Don’t be scared. You are looking at my latest project: dragon masks that I made for my church’s birthday celebration. It is tradition to mark the occasion with a religious pageant depicting portions of the book of Revelation. When I decided to direct this year’s pageant, I knew that I wanted to portray the dragon from Chapter 12.
But how could I depict something that fantastical and frightening in a live performance? I didn’t want it to look silly, but also didn’t want to break the bank. And I needed seven dragon heads. Seven! Why couldn’t it be a one or even two headed dragon? I turned to Pinterest for help. I love searching through this online pin board and collecting compelling ideas. I almost always find treasure buried in the myriad images. This time, Wintercroft was my choice gem.
This company designs and sells beautiful, affordable mask templates that you can download, print, and then construct using simple, recycled materials. Eco-friendly and user-friendly? Count me in! As soon as I saw the dragon template, I completely lit up and thought, “Eureka! That’s exactly what I want.”
Now, here’s the thing. I’ve never made a mask before. Not to mention seven masks all consisting of twenty-three pieces. Each. And even with the very simple instructions, there was this nagging part of me that said I was crazy. The church has simpler versions of dragon heads in storage, it said. Why not use those? It would save a lot of time and effort. Why bother taking this on?
I hate that part of me.
It’s the part with the ever-present sneer. The part that’s always telling me that I shouldn’t try things if I might fail. And I hate how often I listen. But not this time.
This time, true to the focus of Week 7 of the Artist’s Way, I decided to take a risk. Not only did I make the choice to go for it, but I did it gently. I committed myself to the mask-making project and set myself the goal of making seven dragon head masks. But I also allowed myself to make lower tiered goals, in case it wound up being too much. If seven heads weren’t reasonable–and they might not have been, I had no idea what I was getting into–I could look into making three or four and coming up with simpler options for the remaining heads–such as using the pieces already available from previous pageants. If even that was too much, I could just make one “master” dragon head mask and do something else for the rest. Besides giving myself different levels of goals, I also asked for help.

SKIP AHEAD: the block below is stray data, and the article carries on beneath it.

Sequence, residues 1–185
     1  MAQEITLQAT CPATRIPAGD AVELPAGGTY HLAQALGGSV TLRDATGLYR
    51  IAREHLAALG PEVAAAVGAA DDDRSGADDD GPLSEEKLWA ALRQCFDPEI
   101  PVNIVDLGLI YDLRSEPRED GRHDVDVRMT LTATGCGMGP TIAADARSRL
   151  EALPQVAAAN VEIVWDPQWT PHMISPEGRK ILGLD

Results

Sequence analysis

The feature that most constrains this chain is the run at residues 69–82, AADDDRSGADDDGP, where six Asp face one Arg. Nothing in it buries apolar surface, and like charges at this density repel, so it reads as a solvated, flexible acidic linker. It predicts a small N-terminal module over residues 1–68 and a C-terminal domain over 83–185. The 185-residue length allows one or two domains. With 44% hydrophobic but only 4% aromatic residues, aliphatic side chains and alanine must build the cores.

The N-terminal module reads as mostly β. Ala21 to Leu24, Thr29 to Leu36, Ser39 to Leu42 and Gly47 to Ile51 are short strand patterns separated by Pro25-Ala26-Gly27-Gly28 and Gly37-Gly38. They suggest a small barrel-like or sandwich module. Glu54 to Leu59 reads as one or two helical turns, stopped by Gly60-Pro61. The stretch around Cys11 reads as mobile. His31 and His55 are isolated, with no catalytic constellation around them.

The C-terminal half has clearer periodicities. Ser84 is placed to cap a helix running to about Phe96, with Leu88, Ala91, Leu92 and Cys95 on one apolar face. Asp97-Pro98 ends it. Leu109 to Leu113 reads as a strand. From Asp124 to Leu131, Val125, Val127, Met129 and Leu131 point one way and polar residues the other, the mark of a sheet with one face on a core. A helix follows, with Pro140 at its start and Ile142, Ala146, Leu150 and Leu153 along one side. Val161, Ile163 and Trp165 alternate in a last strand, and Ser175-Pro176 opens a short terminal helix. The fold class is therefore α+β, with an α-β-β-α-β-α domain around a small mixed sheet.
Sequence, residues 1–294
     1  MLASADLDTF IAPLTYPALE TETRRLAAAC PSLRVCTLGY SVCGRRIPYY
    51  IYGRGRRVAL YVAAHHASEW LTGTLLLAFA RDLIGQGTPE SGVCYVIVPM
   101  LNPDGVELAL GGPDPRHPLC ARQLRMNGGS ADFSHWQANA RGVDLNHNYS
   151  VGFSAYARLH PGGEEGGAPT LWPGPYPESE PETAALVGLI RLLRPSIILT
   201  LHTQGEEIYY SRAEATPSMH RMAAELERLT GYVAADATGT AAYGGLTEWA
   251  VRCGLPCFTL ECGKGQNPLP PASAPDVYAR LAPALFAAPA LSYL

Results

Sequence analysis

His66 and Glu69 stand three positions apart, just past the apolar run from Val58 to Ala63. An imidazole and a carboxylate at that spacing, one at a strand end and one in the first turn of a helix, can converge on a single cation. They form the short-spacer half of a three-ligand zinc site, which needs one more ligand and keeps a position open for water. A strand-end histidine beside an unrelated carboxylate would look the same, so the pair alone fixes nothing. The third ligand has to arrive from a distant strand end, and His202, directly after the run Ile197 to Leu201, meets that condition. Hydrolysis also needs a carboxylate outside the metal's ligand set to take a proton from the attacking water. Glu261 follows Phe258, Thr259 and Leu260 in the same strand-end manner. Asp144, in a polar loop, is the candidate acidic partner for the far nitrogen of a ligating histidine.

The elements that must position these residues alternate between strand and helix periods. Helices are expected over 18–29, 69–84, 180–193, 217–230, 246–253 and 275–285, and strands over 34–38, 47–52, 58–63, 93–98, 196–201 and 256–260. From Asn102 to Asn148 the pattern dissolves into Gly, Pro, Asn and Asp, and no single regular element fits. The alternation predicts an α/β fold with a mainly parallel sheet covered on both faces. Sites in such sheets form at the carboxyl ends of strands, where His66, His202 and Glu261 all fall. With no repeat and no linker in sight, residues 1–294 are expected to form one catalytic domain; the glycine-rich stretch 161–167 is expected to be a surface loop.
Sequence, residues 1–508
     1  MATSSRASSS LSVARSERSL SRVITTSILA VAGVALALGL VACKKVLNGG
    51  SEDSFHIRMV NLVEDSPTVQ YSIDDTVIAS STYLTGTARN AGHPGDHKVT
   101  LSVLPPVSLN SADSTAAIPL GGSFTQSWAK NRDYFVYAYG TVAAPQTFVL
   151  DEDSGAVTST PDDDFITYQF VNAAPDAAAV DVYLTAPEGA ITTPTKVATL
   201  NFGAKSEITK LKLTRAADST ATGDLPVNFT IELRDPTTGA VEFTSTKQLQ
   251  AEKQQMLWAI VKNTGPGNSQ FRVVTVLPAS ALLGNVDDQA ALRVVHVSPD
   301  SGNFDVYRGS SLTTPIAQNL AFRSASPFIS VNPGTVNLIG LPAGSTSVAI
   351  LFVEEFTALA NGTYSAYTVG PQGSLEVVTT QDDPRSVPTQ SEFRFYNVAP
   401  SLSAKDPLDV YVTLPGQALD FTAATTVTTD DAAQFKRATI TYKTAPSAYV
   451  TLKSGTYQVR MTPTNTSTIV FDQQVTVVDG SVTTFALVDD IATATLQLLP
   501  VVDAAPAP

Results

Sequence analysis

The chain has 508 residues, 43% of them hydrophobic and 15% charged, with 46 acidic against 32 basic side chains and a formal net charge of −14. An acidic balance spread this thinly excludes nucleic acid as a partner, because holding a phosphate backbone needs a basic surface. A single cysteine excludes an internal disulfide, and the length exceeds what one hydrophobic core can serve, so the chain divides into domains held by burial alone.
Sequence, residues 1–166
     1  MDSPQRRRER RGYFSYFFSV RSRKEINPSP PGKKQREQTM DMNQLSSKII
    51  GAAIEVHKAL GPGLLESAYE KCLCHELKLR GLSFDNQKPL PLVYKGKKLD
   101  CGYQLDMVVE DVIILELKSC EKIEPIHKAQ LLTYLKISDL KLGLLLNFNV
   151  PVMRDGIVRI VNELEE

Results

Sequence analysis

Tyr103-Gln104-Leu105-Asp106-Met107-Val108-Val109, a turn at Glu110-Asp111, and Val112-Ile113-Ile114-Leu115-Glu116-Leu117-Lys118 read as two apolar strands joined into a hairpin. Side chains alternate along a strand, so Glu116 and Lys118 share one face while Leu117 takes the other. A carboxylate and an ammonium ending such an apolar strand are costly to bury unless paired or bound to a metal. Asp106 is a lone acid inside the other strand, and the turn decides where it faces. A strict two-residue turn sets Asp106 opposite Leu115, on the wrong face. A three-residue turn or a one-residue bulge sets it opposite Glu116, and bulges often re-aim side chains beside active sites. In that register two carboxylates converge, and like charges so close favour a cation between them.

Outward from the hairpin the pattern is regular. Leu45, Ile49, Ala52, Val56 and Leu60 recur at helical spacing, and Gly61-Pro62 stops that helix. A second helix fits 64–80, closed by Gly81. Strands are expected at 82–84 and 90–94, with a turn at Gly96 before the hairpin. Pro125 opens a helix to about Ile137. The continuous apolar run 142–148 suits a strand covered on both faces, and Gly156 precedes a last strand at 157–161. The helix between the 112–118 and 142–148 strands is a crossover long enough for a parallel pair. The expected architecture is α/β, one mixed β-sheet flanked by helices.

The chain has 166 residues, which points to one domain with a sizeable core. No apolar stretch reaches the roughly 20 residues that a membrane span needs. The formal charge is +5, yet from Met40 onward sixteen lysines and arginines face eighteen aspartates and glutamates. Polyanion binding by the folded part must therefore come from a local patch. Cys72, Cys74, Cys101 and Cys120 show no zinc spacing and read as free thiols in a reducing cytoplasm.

And I got it.
I had cardboard donations by the bagful and cheerful teams of volunteers came to my house to cut, paste, re-paste, score, and fold cardboard for hours. They did most of the prep on the pieces, and then I put them together. Still more volunteers came and played with my daughter so I could try my hand at spray painting for the first time.
There were plenty of hiccups. Glue that didn’t stick well enough. Realizing that I had actually gotten people to fold the pieces backwards, so the first mask was technically inside out. A paint can that took five people and some online research to figure out how to get it to spray. More glue not sticking the way it was supposed to. Hot glue burns.
But there were far more successes than snags. In fact, some of the snags turned out to be successes. Making the masks inside-out–at least from the way the instructions said–was actually better because they were more durable that way. And I got to have some good laughs with friends and strangers alike as we problem-solved.
We we wound up with seven exciting, fire-red dragon masks.
I’m glad I took the risk. I’m glad I took the time. I’m glad I asked for help. The dragon was a huge hit at the pageant, and my idea to have it played by three people wearing masks and holding the remaining four worked beautifully. (Photos of the masks in action later).
This risk was a gift and it will keep giving. The church now has seven cool masks to use in future years. I have new mask-building and spray-painting skills and a new level of confidence in myself. I’m already day dreaming of making more Wintercroft masks for future Halloween extravaganza’s and plays and church pageants. I love the idea of making some with my daughter one day. And I just might have the wherewithal to take another gentle, creative risk not too far down the road, come hell, high water, or even dragons.